Julie Gillis, wrote: “Those two men wanted everyone to get upset and to attack them and so I think there needs to be new active ways to intervene that are surprising interventions. I cannot tell anyone not to ‘punch a Nazi’ and clearly there are instances where physical interventions are needed.

 

I’m of two minds here, and one is that it would feel very satisfying to punch a Nazi, I think. But, the other is that we train de escalation teams not to support the Nazi, but to keep the rest of the group safe. To literally be aware of the situation and try to reduce harm to the community. In some cases, that means keeping the person in question engaged – as one of our de-escalators did for about an hour, so that he wouldn’t talk to or confront any of the people who testified.

 

She didn’t placate him, in fact she did challenge his beliefs, but she didn’t engage physically with him. She kept him occupied so that the task force could talk to the people there. She engaged in tremendous emotional labor to keep him and the other man from engaging the community.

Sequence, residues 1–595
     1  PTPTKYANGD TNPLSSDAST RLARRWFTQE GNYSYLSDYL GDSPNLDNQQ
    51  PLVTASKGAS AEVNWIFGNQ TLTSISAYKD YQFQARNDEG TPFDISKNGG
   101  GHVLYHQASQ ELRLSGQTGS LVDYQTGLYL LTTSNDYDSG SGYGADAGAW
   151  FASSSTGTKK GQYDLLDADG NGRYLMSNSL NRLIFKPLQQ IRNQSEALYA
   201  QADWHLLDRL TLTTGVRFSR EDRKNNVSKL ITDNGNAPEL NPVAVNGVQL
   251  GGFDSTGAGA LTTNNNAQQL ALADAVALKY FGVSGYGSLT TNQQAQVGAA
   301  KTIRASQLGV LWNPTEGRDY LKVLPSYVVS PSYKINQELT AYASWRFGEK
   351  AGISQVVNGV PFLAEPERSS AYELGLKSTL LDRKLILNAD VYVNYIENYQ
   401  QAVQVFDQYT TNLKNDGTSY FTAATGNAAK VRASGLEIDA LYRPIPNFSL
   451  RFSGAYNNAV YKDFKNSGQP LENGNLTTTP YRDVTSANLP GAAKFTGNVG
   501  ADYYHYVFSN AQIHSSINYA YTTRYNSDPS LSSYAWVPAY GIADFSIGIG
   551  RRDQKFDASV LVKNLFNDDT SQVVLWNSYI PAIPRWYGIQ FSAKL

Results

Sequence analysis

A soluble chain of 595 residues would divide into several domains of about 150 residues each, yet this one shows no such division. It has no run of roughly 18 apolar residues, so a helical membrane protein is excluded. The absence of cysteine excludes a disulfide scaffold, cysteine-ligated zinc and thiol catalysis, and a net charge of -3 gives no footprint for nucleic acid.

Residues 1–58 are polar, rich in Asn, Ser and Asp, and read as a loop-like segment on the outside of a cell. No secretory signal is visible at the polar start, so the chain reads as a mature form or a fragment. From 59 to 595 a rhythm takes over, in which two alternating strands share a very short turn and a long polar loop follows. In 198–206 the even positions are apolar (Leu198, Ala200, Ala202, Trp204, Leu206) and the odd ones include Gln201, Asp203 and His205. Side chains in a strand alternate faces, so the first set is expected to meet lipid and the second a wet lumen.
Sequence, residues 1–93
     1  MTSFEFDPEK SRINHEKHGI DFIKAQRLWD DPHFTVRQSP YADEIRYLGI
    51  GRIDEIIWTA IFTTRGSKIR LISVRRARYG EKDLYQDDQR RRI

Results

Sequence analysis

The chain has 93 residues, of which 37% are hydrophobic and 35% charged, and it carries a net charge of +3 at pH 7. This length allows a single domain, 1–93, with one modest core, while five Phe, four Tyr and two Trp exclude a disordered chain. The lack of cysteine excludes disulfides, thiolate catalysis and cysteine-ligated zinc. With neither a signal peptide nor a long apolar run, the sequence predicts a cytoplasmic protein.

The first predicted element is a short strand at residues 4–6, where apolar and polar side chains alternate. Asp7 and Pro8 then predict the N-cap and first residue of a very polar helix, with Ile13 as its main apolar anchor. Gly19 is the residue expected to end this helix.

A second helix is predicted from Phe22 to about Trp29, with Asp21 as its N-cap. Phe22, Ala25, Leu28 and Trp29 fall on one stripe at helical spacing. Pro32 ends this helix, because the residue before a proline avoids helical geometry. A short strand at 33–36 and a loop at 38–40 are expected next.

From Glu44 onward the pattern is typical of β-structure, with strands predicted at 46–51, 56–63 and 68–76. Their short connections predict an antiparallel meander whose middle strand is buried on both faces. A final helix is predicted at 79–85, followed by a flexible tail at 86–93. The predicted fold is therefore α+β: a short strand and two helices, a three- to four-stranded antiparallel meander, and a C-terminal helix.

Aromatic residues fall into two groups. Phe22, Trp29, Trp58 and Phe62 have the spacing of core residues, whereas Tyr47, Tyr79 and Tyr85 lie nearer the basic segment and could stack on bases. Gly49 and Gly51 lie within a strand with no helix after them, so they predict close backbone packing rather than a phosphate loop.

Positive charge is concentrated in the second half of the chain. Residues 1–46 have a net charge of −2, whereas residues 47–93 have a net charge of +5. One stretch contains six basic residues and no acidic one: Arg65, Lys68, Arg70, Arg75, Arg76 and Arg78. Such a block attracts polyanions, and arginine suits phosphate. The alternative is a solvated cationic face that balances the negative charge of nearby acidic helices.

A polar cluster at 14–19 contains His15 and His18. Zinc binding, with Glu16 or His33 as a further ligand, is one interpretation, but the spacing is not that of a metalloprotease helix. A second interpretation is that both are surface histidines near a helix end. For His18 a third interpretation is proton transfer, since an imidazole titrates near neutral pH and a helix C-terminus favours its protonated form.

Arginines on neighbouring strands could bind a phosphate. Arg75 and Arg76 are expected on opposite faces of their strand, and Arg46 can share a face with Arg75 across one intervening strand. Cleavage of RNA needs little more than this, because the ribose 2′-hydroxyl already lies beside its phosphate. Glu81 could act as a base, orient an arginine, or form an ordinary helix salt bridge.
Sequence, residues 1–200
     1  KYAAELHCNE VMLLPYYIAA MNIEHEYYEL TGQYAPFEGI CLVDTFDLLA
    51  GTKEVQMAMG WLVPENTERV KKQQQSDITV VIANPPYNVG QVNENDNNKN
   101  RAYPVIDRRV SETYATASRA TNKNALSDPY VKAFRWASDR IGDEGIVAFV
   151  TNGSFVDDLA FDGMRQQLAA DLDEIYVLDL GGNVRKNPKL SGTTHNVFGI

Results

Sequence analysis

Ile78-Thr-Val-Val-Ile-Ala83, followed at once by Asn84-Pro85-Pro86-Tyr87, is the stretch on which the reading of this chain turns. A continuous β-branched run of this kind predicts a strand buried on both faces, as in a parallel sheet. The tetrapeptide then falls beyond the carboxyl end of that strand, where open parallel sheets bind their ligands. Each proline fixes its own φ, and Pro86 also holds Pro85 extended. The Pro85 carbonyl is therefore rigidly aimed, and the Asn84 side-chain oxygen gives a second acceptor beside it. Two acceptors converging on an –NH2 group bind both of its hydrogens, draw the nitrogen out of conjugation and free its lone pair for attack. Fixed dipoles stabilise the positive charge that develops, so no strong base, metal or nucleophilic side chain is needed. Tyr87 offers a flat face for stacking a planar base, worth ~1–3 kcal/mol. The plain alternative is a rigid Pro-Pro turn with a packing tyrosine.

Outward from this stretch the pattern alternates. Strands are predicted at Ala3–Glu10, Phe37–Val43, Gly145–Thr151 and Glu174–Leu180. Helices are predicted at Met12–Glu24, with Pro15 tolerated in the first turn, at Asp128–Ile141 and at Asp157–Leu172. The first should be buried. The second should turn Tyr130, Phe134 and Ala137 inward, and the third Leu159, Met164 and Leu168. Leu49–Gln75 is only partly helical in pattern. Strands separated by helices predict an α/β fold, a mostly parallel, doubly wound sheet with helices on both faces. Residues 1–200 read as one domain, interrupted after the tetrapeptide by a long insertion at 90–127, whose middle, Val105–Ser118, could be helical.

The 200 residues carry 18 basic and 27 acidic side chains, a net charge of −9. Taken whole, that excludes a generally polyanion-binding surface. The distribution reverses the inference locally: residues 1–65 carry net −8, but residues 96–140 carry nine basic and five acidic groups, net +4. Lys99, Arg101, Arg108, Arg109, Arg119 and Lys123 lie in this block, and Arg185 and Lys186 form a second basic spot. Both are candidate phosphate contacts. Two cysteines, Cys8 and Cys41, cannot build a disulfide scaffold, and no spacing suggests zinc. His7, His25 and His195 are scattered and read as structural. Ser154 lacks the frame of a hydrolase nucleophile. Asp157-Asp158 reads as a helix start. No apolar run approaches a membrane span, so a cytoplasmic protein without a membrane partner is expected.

That’s just my observation as someone on the de-escalation team. I would try to practice non-violence as much as possible and insert myself into a fray only to keep others safe.

 

I’m aware I’m saying this from a place of privilege, but I see that it can be easy to take righteous anger into a charged experience which can affect an entire group or community. It’s in reaction to something very  toxic and dangerous-the hate speech. And ignoring it is not the answer. And driving someone to the next town is not the answer. I am interested and engaged in finding those other strategies and tactics to protect community, to protect those oppressed, and to avoid violence whenever I can. “